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Myth v. Reality
Publikuar më 06 tetor, 2011 në orën 23:17 ( ) English |
Rrit madhësinë e shkronjave
The gritty, often contradictory truth about our once beautiful B-92

The harsh sounding ethnic slurs and threats are all too ubiquitous: “Albos with their dirty behavior/plan took over Kosovo”; “Bomb the Albanians, let them go back to their mountains”; “Albanian terrorists who today act like gods in our Southern province will be crushed in less than three days and they will disappear as if they never even set foot on that holy Serbian soil!”

Radical ramblings of some obscure, extremist website? An ominous re-emergence of the notorious Serbian Defense League? If you think so, you’d be sadly mistaken. The above smears represent just another day’s visit to Serbia’s popular B-92 website – its “moderated,” English language comment section, to be precise.

Read it and weep. Today’s B-92 is certainly not for the faint at heart.

For those not in the know, B-92 is one of the most successful media outlets in Serbia – arguably, in all of the former Yugoslavia. It focuses on Balkan politics and culture, but extends its reach to the international realm. At one time, there was even talk of following a BBC kind of model.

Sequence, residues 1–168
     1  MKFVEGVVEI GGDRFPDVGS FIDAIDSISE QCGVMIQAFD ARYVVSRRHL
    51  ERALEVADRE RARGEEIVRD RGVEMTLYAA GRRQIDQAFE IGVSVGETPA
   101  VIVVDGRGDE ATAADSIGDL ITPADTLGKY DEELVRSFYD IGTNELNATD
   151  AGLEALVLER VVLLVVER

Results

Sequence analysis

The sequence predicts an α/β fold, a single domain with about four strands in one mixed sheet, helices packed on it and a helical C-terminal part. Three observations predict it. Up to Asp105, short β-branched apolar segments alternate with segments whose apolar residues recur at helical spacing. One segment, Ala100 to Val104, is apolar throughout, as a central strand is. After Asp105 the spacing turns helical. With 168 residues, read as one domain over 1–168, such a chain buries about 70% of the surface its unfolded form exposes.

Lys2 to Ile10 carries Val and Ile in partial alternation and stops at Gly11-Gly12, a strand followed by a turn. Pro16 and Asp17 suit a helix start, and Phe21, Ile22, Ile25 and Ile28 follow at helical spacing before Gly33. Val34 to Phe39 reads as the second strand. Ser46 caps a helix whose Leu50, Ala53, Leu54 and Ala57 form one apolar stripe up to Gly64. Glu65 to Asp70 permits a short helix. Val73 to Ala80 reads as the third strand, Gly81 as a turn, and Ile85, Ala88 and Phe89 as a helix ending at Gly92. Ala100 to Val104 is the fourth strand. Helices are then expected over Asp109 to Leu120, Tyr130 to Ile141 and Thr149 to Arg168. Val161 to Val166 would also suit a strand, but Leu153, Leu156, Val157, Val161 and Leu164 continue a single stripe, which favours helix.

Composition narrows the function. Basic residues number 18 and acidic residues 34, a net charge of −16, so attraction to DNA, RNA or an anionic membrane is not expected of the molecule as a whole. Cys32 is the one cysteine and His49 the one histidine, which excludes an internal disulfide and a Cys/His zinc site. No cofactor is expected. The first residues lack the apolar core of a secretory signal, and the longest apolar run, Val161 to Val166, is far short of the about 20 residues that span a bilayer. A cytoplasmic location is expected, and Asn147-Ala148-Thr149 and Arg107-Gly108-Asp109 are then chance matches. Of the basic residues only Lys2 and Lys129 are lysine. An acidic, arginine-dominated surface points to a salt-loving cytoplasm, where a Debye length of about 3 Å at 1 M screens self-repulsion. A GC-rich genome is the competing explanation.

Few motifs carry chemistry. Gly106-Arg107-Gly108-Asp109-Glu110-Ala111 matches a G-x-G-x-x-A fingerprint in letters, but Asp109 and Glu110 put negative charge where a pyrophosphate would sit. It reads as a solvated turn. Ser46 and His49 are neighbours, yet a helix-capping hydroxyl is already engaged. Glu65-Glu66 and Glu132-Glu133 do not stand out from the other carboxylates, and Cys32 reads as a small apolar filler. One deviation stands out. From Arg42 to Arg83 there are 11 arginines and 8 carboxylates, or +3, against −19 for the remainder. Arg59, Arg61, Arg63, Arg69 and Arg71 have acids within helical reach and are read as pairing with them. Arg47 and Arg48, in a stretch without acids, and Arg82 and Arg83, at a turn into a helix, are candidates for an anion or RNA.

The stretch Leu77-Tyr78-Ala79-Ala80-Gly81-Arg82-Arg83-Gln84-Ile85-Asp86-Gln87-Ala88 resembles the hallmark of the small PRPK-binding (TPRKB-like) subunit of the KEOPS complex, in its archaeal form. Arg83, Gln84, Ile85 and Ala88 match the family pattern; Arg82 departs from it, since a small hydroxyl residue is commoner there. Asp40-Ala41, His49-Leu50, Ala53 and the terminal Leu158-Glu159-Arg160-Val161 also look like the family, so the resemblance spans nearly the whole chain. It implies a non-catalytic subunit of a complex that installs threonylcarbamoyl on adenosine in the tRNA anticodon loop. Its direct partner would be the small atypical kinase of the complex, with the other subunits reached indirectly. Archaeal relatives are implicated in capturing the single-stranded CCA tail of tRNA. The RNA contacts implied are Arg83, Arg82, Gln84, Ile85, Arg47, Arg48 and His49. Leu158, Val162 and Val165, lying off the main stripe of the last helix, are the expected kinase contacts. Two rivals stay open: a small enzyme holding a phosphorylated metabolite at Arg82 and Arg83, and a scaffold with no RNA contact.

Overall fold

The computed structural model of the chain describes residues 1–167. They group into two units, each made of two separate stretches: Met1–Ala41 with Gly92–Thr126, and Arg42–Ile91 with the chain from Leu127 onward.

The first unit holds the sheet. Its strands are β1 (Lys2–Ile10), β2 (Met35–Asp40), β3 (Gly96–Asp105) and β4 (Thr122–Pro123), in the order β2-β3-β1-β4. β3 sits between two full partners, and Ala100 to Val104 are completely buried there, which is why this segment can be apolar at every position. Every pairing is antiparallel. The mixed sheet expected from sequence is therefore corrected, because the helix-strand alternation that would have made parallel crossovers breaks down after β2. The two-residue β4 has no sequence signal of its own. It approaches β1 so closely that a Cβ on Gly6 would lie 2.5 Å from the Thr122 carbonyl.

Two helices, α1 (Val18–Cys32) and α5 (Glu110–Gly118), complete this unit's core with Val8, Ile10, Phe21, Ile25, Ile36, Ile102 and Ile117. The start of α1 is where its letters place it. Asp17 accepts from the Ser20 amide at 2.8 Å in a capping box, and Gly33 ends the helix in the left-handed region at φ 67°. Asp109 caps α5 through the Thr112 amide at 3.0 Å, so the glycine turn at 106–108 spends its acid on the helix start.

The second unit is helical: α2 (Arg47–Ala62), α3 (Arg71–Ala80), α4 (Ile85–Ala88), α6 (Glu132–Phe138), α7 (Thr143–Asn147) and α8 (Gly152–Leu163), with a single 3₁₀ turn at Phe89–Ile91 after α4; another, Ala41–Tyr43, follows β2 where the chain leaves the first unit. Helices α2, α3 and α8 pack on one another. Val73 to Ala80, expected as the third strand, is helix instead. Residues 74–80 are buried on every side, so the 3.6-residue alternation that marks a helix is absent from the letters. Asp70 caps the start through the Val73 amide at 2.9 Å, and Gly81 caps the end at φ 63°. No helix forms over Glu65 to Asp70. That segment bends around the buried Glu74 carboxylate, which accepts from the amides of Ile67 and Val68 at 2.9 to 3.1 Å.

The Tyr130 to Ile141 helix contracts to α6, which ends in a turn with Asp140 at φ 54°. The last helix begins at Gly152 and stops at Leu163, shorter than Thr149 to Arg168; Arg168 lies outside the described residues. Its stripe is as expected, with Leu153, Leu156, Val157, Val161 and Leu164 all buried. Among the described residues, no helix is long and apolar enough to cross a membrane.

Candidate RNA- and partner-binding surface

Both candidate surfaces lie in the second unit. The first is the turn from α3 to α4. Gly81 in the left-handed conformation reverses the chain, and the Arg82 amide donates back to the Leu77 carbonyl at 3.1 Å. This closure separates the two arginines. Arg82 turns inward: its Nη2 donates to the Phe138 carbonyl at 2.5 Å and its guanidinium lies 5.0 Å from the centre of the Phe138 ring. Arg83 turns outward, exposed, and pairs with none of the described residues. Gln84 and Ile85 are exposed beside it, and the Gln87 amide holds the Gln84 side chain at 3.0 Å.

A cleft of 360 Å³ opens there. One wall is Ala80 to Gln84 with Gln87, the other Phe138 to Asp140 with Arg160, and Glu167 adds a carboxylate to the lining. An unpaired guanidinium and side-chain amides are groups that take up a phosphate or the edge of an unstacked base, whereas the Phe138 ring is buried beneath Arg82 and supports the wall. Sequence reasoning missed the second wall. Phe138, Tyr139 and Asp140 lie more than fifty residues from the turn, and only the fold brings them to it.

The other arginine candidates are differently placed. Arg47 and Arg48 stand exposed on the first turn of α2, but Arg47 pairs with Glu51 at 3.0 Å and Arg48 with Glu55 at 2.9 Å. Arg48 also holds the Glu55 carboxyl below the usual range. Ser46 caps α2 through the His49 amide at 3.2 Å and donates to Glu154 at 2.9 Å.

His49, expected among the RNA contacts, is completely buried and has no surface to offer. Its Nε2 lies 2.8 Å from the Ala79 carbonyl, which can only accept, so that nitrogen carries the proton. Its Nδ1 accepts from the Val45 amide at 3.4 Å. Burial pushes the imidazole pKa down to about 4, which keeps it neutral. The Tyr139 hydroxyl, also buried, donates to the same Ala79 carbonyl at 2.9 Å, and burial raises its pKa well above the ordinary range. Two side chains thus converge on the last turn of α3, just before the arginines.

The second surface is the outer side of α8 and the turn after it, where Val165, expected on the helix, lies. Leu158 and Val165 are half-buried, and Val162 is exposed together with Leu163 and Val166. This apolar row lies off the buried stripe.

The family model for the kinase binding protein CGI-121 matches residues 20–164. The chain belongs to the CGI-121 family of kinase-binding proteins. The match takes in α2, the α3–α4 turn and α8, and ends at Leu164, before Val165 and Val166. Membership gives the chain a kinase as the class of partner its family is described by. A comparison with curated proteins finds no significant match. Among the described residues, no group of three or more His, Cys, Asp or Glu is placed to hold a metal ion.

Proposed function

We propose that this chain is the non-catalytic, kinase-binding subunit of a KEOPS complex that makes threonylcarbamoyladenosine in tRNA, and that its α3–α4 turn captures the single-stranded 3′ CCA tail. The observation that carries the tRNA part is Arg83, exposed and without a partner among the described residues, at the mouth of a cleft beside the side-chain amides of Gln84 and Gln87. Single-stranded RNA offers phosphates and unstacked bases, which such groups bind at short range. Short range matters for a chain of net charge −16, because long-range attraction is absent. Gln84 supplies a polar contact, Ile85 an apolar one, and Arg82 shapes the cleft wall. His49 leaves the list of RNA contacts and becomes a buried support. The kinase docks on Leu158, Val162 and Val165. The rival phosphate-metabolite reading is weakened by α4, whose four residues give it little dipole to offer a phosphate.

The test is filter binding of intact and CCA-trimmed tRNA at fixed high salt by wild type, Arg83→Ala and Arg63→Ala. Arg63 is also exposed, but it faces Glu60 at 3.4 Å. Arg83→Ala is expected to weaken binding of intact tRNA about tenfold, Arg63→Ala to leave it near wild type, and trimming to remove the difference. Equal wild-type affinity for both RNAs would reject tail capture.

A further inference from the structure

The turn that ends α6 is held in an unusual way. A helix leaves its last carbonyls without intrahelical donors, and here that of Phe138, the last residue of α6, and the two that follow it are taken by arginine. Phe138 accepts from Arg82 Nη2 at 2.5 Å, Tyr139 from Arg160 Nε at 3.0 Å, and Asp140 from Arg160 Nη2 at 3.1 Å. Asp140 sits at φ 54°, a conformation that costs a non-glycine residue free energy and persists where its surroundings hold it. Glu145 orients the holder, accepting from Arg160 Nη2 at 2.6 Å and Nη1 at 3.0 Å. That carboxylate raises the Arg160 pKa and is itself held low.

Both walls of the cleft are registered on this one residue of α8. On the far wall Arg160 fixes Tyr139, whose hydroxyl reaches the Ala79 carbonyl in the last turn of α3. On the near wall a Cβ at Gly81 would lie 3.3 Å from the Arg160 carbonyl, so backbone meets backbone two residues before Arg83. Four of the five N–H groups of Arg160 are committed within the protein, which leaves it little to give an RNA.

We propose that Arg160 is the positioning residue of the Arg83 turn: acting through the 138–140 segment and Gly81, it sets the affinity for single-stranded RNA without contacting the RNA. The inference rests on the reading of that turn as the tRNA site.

If that’s the case, and not mere hype, then it’s been a major disappointment. A bitter disillusionment for some of us, who once held out such high hope for B-92. Great expectations. Dreams of a vibrant, solid alternative to the standard nationalist muck.

What could have been.

The truth is, I’ve followed B-92 intimately for over a decade, nearly each and every day, like an obsessive, devoted lover. It all started out as an exciting, exhilarating labor of love. Sadly, it has gradually transformed into something quite different. Some would even label it a Serbian nationalist Safe Haven.

It didn’t have to fall so low.

Once upon a time, not so many years ago, Belgrade’s B-92 was something really special, a kind of cause célčbre among liberal Serbs, and progressive (former) Yugoslavian citizens throughout the Balkans. Founded by the insistently individualistic Veran Matic, and at least partially financed by western-oriented NGO’s, it gradually morphed into a radical movement – experimental and arguably anarchistic.

In Guerilla Radio, British rock critic Mathew Collin recounts B-92’s halcyon beginnings, in all its defiant, history-ripping genesis. “Armed only with a stack of old punk records and a dream of freedom,” trumpets Collin’s work, “one defiant radio station waged a ten year war against Slobodan Milosevic’s dictatorship – and won.” Guerilla Radio is a fascinating, page-turning social history, a document of modern, anti-fascist rebellion.